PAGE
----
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Pass the SALT: A Vessel Designed to Let You Witness + Experience Salt Harvesting

02.23.22 | By
Pass the SALT: A Vessel Designed to Let You Witness + Experience Salt Harvesting
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Today, salt is one of the oldest and most ubiquitous recognizable flavors. Our palates would be lost without it – salt reduces bitterness, boosts flavors and preserves perishable foods. But it’s come a long way. From being a substance so valuable it served as currency, this common household item that shaped civilizations by establishing trade routes, provoking wars, and inspiring revolutions… is now served from a modest shaker on every kitchen table in the world. But do we really think about how we get salt… how special the process is?

With a little nudge to be more curious about where your food comes from, Studio BOIR brings an interactive experience to table salt. The studio that focuses on making products that represent materiality and process, was founded in 2018 by an interdisciplinary team: Vlatka Leskovar – Zidar, a product designer, and Ivan Zidar, a graphic designer turned chef. Ivan’s understanding of local ingredients and endless love for culinary experimentation blends with Vlatka’s ever-evolving exploration of the way physical objects inspire rituals and incite memories. Together, they create a unique platform for development of food design concepts.

Their SALT project questions what we know about salt, and lets the end user experience the excitement of witnessing the birth of those precious white crystals, and then offering us the satisfaction of harvesting them for ourselves.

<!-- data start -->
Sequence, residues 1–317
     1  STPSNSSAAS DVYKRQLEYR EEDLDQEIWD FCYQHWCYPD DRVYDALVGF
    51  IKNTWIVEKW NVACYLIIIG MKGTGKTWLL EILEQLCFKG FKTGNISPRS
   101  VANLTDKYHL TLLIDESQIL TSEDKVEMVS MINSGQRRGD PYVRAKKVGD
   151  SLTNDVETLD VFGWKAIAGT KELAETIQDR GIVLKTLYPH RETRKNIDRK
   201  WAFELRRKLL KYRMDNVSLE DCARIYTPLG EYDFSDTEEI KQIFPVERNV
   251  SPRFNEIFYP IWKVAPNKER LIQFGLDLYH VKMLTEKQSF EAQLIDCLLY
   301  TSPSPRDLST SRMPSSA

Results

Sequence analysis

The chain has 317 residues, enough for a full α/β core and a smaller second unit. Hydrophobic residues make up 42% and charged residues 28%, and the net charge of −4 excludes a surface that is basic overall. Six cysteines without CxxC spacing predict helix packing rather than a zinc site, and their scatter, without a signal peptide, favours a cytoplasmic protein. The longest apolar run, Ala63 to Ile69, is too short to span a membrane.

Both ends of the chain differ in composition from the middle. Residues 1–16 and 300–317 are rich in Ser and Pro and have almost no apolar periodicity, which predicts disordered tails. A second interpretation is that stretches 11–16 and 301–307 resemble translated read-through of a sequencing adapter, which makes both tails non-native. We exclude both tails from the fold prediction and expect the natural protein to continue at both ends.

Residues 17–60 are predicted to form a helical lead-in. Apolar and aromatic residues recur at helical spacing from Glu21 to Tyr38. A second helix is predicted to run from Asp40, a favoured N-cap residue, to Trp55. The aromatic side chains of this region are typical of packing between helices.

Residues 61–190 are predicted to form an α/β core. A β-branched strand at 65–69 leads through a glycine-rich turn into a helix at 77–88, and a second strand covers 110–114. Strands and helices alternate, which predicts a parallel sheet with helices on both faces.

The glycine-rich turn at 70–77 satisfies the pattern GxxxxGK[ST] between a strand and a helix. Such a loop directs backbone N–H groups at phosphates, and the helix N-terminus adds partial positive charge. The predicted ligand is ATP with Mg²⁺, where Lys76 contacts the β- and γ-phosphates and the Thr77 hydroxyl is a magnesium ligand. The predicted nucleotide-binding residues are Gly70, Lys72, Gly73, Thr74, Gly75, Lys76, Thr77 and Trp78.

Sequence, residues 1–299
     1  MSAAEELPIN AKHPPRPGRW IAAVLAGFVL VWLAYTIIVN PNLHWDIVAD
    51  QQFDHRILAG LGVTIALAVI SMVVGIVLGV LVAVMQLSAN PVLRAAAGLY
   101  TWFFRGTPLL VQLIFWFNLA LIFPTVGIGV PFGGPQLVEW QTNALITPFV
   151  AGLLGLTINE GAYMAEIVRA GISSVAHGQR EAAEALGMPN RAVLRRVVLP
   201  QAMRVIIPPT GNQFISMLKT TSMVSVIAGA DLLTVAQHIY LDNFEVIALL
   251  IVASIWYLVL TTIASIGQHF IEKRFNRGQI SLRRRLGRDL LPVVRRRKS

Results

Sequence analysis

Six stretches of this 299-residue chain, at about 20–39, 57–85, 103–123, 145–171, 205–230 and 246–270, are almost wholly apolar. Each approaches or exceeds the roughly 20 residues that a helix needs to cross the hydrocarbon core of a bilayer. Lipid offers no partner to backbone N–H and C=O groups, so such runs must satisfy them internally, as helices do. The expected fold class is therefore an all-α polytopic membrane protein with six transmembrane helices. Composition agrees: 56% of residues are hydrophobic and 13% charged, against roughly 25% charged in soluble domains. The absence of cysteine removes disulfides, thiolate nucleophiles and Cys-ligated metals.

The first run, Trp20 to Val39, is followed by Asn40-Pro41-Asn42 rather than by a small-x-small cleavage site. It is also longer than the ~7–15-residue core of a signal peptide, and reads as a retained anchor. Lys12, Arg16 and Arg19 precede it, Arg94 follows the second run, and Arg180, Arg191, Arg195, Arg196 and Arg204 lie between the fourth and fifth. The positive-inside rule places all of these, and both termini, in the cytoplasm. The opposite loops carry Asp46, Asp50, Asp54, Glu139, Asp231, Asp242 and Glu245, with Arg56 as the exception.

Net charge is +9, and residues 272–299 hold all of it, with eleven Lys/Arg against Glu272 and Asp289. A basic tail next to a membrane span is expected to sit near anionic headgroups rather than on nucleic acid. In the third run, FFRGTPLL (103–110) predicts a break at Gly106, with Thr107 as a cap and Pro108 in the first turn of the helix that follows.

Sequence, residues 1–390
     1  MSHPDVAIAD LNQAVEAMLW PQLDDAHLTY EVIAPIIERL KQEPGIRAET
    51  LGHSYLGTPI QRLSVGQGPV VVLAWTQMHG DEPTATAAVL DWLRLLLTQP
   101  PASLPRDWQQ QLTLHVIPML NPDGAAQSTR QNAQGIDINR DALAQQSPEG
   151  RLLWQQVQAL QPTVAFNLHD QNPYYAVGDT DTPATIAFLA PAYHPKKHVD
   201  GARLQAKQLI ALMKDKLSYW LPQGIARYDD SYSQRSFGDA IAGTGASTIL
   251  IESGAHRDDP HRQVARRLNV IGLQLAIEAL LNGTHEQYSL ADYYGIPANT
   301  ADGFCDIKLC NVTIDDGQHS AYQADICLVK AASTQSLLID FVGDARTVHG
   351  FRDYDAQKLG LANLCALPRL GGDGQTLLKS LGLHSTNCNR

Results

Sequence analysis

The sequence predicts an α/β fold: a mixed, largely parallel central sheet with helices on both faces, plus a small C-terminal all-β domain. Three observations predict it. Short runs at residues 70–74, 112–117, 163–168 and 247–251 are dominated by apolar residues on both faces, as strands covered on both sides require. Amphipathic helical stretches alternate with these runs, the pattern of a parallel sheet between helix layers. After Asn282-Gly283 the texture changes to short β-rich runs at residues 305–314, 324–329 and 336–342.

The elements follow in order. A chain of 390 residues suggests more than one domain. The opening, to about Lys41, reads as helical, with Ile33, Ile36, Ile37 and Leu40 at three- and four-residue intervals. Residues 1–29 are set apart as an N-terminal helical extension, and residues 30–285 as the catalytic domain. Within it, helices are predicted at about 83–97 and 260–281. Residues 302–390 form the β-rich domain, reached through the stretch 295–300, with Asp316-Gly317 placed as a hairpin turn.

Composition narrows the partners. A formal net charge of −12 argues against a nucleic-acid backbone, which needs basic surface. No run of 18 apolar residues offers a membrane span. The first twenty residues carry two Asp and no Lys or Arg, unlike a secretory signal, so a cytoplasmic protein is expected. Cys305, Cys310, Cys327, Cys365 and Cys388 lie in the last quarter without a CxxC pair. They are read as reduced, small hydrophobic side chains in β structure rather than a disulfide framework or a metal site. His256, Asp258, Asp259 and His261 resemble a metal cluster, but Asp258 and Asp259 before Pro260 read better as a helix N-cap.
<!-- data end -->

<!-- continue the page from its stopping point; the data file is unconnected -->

Studio BOIR studied the five stages of traditional sea salt production of the Mediterranean along the Croatian Adriatic coast. During the first four stages, the water in salt pans evaporates during the long sunny summer days. During the fifth stage the brine, highly concentrated seawater, is ready to form salt crystals. Natural salt is a lovechild of the sea and the bright Mediterranean sunlight.

By mimicking the sustainable process of sea salt creation which the Mediterranean salt harvesters have been using for millennia, Vlatka and Ivan aim to map the authentic tastes of the natural Mediterranean Sea salts. By adding brines (concentrated seawater) from different microregions to their collection, they are bringing attention to the disappearance of traditional saltworks threatening biodiversity and hoping to preserve all the oligo-elements and true tastes of natural Mediterranean Sea salt.

Crafted by Croatian woodworkers and pottery artisans. Its elegant case comes in natural walnut with oil finishing. The ceramic vessel inside is coated with a waterproof enamel to enable the optimal salt crystallization. All the materials are safe for alimentary use. Each piece is hand finished with care resulting in unique variations in each item.

SAL⊥ is simple to use: pour in a thin layer of bottled brine Nin 28 Bé° that comes with the container, expose it to sunlight for an hour or heat it up in the oven. When the crystal pattern appears, it’s ready to be served and harvested with a special metal T-shaped tool.


Watch the unique patterns of white crystals appear against the dark background. Every time you pour in the sea water it leaves a different mark on the enamel, due to varied evaporation speed and different salt concentrations within the layer. Every time you get a different natural abstract artwork.

Serve the vessels with freshly crystalized salt to your guests. Invite them to observe and compare crystal patterns formed in each vessel. Let them enjoy their intimate ritual of salt harvesting by scraping the crystals with the T-shaped metal tool, reminiscent of the one used by traditional sea harvesters.

Pinch Food Design, the duo of Bob Spiegel and TJ Girard, is a top-tier NYC culinary veterans with extensive experience in event catering and design. Pinch writes the Design Milk column called Taste.